High level of confidence in referral. 10
Streamlines service. 3
Reduces caseload. 2
Increases mutual respect and teamwork. 2
Provides a service for clients who do not handle telephone contact well. 2
Avoids going to court. 1
Able to handle complex cases. 1
Reduces client anger. 1

* Respondents provided more than one answer.

5.1.10 Limitations of Client Meetings and Strategies to Address Limitations

Family Justice Counsellors were asked to identify limitations of the Client Meetings in terms of clients or the Family Justice Centres. There was strong consensus that the Client Meetings and access to the Pilot Outreach Project Officer on-site were extremely valuable. Half of the FJCs expressed concern about the limited availability of the service. There is only one Outreach Officer and she has other responsibilities in addition to Client Meetings. Appointments at the Family Justice Centres typically occur no more than two times a month.

“We’d like more contact. It could be expanded. There is just one person covering a large area.”

“I’d like to refer more people to her, so that it becomes standard practice instead of a problem situation.”

Family Justice Counsellors recommended that Pilot Outreach Project staff be placed into the high volume Family Justice Centres on a permanent part-time basis. Others recommended that all Family Justice Centres (including New Westminster, Richmond, Langley) receive regular visits from the Outreach Officer.

A third recommendation was that there be more sharing of FMEP case information with Family Justice Counsellors. This would provide background to FJCs, which could be helpful in providing client services.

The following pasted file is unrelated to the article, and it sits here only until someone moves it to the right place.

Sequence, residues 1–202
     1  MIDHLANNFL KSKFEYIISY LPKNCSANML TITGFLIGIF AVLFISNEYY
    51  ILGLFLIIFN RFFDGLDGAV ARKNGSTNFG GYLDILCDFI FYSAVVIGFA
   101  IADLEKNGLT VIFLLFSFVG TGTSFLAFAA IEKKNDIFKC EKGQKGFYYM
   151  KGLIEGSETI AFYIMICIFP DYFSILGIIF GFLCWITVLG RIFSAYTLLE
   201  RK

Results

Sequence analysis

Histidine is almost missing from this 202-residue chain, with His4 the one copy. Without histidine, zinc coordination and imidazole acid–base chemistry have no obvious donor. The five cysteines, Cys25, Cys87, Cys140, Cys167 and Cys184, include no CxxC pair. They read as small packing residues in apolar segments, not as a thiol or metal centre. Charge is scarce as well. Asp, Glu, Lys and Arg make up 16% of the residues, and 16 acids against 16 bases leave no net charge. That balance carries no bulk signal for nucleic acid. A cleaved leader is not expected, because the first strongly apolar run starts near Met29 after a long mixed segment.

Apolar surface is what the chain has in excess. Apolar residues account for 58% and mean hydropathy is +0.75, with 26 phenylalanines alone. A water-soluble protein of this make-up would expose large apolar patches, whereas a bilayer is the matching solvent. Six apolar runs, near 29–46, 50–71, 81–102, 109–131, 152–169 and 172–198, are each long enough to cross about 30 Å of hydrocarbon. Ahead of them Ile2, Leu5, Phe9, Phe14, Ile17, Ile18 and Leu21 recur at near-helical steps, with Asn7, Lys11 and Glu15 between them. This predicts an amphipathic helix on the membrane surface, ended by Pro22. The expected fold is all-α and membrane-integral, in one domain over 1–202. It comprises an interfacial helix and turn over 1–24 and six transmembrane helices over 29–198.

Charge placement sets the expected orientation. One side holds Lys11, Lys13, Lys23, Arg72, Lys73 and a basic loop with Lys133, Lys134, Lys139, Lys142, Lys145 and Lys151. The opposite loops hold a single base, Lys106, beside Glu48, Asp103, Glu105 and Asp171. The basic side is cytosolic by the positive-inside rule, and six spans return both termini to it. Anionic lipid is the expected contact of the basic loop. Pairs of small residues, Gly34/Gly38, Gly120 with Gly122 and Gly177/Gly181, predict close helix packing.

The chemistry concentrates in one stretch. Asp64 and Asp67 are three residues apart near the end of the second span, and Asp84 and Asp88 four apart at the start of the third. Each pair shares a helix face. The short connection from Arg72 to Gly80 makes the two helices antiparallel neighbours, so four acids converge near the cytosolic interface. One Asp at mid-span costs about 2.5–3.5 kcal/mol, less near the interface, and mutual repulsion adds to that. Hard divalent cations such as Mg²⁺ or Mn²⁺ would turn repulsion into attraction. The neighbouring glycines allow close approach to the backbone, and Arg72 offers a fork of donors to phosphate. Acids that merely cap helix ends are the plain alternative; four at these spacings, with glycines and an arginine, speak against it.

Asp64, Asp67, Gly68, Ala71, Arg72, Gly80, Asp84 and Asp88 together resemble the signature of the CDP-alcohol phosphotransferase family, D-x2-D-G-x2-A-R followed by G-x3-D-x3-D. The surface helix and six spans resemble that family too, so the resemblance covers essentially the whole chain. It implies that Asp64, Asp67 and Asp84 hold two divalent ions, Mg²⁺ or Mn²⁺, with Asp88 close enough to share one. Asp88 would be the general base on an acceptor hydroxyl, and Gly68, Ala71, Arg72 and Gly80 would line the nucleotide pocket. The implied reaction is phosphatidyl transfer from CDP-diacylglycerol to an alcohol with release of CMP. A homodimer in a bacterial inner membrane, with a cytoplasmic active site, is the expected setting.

“We’d like more access to FMEP client records and data bases as it is difficult to prepare background information without this information.”

Several Family Justice Counsellors recommended that FJCs be assigned a code to allow counsellors “read only” access to client files.[2]

A final recommendation made by Family Justice Counsellors was that the Pilot Outreach Project take the lead in developing a broader set of education initiatives specifically oriented to payors. Topics could include methods and processes to vary Supreme Court maintenance orders, general information and assistance on completing court related documents and information on strategies for avoiding court.

5.1.11 Overall Assessment of the Pilot Outreach Project by Family Justice Counsellors

There is very strong consensus on the part of Family Justice Counsellors that the Client Meeting component of the Pilot Outreach Project is an effective initiative that is valuable to both Family Justice Centre staff and to clients. The effectiveness of the project is considered to be due, in large part, to the personal qualities of the Outreach Officer.

“The Project is extremely successful. It far succeeded (exceeded) my expectations.”

“The Outreach Officer IS the program. She is the right person to deal with angry, belligerent clients.”

Family Justice Counsellors emphasized that the quality and expertise of staff, the face to face aspect of the meeting, the practical problem-solving approach and responsiveness to FJC information needs were the most valuable features of the program.

Family Justice Counsellors also believe that the Pilot Outreach Project had helped change the reputation of the FMEP among other family justice partners. As well as being a source of relevant and practical information, the Outreach Officer was seen to be responsive to client issues and receptive to FJC concerns.

“We’re working as a team now—instead of us, ‘the good guys,’ and the FMEP, the ‘bad guys.’”

“There is a definite need for the service because clients’ biggest frustration is a lack of ability to get in touch with the FMEP. With the Outreach Officer, the FMEP is not JUST a collection agency.”